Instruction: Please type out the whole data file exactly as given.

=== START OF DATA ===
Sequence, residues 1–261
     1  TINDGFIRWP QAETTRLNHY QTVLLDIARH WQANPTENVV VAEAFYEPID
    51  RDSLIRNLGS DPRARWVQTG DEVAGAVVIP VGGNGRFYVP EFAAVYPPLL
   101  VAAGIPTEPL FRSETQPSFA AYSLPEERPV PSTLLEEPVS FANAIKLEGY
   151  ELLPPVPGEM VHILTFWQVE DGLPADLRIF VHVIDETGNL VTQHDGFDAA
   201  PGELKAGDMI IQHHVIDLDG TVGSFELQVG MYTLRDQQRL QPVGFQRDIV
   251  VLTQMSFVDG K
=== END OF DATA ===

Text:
Sequence, residues 1–261
     1  TINDGFIRWP QAETTRLNHY QTVLLDIARH WQANPTENVV VAEAFYEPID
    51  RDSLIRNLGS DPRARWVQTG DEVAGAVVIP VGGNGRFYVP EFAAVYPPLL
   101  VAAGIPTEPL FRSETQPSFA AYSLPEERPV PSTLLEEPVS FANAIKLEGY
   151  ELLPPVPGEM VHILTFWQVE DGLPADLRIF VHVIDETGNL VTQHDGFDAA
   201  PGELKAGDMI IQHHVIDLDG TVGSFELQVG MYTLRDQQRL QPVGFQRDIV
   251  VLTQMSFVDG K